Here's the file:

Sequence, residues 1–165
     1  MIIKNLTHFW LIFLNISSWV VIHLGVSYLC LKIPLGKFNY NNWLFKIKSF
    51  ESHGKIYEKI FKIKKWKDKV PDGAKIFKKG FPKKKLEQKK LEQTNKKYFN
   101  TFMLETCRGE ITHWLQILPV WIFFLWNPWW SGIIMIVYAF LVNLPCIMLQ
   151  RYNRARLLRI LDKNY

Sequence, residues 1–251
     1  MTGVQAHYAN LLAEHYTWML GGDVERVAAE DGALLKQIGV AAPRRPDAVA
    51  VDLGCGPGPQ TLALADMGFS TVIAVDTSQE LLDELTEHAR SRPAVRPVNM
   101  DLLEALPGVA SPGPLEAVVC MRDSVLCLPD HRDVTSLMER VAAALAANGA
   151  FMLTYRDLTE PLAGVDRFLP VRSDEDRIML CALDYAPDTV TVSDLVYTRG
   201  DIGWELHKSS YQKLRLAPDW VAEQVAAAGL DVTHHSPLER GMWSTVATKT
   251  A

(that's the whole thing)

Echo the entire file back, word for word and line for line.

Sequence, residues 1–165
     1  MIIKNLTHFW LIFLNISSWV VIHLGVSYLC LKIPLGKFNY NNWLFKIKSF
    51  ESHGKIYEKI FKIKKWKDKV PDGAKIFKKG FPKKKLEQKK LEQTNKKYFN
   101  TFMLETCRGE ITHWLQILPV WIFFLWNPWW SGIIMIVYAF LVNLPCIMLQ
   151  RYNRARLLRI LDKNY

Sequence, residues 1–251
     1  MTGVQAHYAN LLAEHYTWML GGDVERVAAE DGALLKQIGV AAPRRPDAVA
    51  VDLGCGPGPQ TLALADMGFS TVIAVDTSQE LLDELTEHAR SRPAVRPVNM
   101  DLLEALPGVA SPGPLEAVVC MRDSVLCLPD HRDVTSLMER VAAALAANGA
   151  FMLTYRDLTE PLAGVDRFLP VRSDEDRIML CALDYAPDTV TVSDLVYTRG
   201  DIGWELHKSS YQKLRLAPDW VAEQVAAAGL DVTHHSPLER GMWSTVATKT
   251  A